4. GregG says:

    Thanks Tanel for investigation.
    Could You point me to some info about 6. Are buffered parallel full scans allowed (the in-memory PX feature of 11.2) ?
    Regards
    GregG

  5. Björn says:

    Hi

    Does not this execution to set the statistics on the table EXEC DBMS_STATS.SET_TABLE_STATS(user,’T',numblks=>5); invalid all the cursors on the table and that why it force a new compile of a cursors ?

    BR

    Björn

    • Tanel Poder says:

      Nope, the default is still the “auto_invalidate” for setting stats too… Which does not immediately invalidate the cursors, but distributes the potential invalidations over a 5 hour period.

  6. Houri says:

    Have you investigated the effect of the 10049 event on the direct path read decision?

    mohamed@mhouri> select * from v$version;

    BANNER
    ——————————————————————————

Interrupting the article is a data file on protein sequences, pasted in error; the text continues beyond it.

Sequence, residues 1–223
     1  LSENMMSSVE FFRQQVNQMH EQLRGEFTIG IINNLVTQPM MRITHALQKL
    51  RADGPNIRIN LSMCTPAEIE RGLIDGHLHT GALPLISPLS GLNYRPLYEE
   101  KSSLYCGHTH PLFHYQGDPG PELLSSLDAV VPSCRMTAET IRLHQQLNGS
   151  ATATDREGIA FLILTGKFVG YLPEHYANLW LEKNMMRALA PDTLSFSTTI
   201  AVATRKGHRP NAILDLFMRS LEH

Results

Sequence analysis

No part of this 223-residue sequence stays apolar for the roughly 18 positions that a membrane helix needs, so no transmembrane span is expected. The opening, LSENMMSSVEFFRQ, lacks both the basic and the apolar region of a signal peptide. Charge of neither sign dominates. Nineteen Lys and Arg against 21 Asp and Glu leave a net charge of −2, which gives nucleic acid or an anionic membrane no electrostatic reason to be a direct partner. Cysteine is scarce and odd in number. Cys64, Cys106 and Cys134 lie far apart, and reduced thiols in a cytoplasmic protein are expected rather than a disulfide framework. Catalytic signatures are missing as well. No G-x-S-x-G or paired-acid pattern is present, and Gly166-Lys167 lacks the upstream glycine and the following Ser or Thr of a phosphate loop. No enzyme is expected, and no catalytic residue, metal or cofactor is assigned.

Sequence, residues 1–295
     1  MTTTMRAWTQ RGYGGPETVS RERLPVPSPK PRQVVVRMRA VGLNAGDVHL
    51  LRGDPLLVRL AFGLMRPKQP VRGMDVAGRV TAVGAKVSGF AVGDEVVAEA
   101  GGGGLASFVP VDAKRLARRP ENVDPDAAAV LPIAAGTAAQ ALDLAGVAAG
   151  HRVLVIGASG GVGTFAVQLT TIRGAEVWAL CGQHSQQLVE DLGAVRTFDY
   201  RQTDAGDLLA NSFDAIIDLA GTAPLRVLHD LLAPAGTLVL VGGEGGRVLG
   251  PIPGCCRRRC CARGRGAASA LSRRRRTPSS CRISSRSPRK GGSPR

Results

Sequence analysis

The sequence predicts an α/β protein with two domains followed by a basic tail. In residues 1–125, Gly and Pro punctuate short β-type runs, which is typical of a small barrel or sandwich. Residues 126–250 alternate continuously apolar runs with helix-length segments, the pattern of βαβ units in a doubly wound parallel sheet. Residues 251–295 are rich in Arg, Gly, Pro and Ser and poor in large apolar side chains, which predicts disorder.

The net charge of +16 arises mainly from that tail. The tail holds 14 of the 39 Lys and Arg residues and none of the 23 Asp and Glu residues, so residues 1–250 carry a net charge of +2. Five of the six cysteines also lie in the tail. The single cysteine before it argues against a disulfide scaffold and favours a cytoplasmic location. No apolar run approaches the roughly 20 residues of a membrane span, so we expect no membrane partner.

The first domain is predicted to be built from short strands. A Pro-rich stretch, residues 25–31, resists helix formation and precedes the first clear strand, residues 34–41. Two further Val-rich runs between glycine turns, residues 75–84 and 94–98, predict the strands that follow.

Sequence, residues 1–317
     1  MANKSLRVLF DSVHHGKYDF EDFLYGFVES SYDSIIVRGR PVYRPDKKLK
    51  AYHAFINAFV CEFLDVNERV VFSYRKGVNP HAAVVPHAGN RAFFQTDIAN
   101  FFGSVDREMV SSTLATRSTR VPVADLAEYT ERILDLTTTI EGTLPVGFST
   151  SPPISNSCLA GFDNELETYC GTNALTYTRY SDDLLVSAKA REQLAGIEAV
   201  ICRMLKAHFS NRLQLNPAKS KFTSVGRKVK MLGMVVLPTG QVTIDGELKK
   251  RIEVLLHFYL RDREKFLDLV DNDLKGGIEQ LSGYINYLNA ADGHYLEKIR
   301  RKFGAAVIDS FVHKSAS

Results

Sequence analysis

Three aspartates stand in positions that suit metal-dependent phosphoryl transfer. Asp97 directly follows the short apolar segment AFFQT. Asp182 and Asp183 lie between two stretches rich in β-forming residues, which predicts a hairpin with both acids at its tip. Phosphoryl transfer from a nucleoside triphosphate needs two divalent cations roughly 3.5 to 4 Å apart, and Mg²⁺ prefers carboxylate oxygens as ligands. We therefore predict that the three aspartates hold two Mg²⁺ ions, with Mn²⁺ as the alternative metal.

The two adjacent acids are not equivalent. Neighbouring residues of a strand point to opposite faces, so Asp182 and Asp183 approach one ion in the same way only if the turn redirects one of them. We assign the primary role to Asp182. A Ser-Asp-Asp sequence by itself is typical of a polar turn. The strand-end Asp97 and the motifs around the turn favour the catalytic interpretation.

Oracle Database 11g Enterprise Edition Release 11.2.0.1.0 – Production
    PL/SQL Release 11.2.0.1.0 – Production
    CORE 11.2.0.1.0 Production
    TNS for 32-bit Windows: Version 11.2.0.1.0 – Production
    NLSRTL Version 11.2.0.1.0 – Production

    mohamed@mhouri> SELECT blocks FROM user_tables WHERE table_name = ‘TA1′;

    BLOCKS
    ———-
    26308

    mohamed@mhouri> SELECT name,block_size,buffers FROM v$buffer_pool;

    NAME BLOCK_SIZE BUFFERS
    ——————– ———- ———-
    DEFAULT 8192 24304

    mohamed@mhouri> SELECT COUNT(*) FROM ta1;

    COUNT(*)
    ———-
    1637840

    ———————————————————————–
    Active% | SQL_ID | EVENT | WAIT_CLASS